What parrots might you find in Tawharanui?
A nature tour from Auckland to Tawharanui is magical for many reasons. Perhaps your favourite part will be the abundance of lush New Zealand plantlife, or the smell of the forest and sound of the waves on the beach, or perhaps, your favourite part will be the gorgeous parrots you might find there.
Here are a few of the awesome parrots you might spot during a Habitat Tours excursion to Tawharanui.
The kaka is a large bird that’s from the same family as the cheeky kea, which helps explain their boisterous and entertaining antics. These birds are often spotted socialising in the early morning and late evening, and are generally only seen in forest areas around the North and South Islands.
There are an estimated 1,000 – 5,000 kaka left in New Zealand, which makes spotting one an even more special experience.
Red crowned parakeets
The red crowned parakeet – known as kakariki in Maori – is a smaller parrot that is mostly bright green with a distinctive red streak across its forehead.
They nest in holes in trees, but it’s not uncommon to see them foraging for berries, insects and seeds on the ground. Along with the yellow crowned parakeet, they are the only native New Zealand bird to be held and bred in captivity, which is helping to improve population numbers of these gorgeous birds.
An eastern rosella has the bright and colourful attractive appearance of a parrot, yet they do not have the usual chatty temperament of parrots and are not considered to be good pets.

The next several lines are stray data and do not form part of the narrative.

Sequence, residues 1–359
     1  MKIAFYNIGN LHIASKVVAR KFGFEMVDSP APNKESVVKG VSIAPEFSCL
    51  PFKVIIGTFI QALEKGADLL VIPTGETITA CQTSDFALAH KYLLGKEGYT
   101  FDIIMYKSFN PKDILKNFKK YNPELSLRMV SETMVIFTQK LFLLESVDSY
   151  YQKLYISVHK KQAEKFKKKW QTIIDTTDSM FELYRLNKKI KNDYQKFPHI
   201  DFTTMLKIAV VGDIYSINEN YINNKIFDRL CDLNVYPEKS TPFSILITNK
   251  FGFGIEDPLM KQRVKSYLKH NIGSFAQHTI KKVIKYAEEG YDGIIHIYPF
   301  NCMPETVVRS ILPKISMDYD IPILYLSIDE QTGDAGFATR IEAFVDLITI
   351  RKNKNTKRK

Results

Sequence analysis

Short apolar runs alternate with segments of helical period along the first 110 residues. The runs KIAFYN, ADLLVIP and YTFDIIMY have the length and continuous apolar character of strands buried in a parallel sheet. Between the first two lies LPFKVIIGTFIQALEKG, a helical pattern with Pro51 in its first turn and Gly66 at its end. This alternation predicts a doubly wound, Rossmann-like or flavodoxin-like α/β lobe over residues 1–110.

The eastern rosella was introduced to New Zealand in the 1900s, and is now reasonably common throughout the country. They can be quite loud, so you may hear them before you spot them, and spotting them shouldn’t be a problem with their bright red and green plumage, and distinctive cream-coloured cheeks!
Pests get what’s coming to them in Wellington
As a company strongly invested in New Zealand and our many species of pests, we know all about their damaging and destructive behaviour.
While most New Zealand pests might fall to traps set out by the Department of Conservation, one Wellington example recently got another kind of surprise, according to a NZ Herald article.
Goodnature is a local conservation business in Wellington, and when thieves broke into a company car one night in August, they weren’t expecting to find an incredibly stinky surprise in the back seat.
Company director Robbie van Dam had left a box of experimental bottles of oil in the back seat of his car. He believes the burglars spotted the chemical symbols on the side of the box, then broke in hoping to find drug-making materials. Instead, the oils inside were actually extracted from the anal glands of stoats – and were remarkably pungent.
Should just one drop of the noxious oil escape one of the bottles, the stench would last for weeks, even in a fresh-air environment.
There’s no word on what the thieves did with the box of oils, but van Dam at least got a laugh out of thinking it may have thoroughly ruined the thieves’ plans.
The stinky oils are an experiment in attracting pests into self-resetting traps. The idea is to catch and destroy pests such as rats, stoats and possums to help rid New Zealand of its predators. They even smell so bad that Goodnature only works with them at an off-site facility to avoid any potential mishaps that would make working at their usual site almost impossible (as had happened once a couple of years ago).
One way or another, a few more of New Zealand’s pests got what was coming to them by a wonderful conservation group!
Tristan Cullen - Passionate Conservationist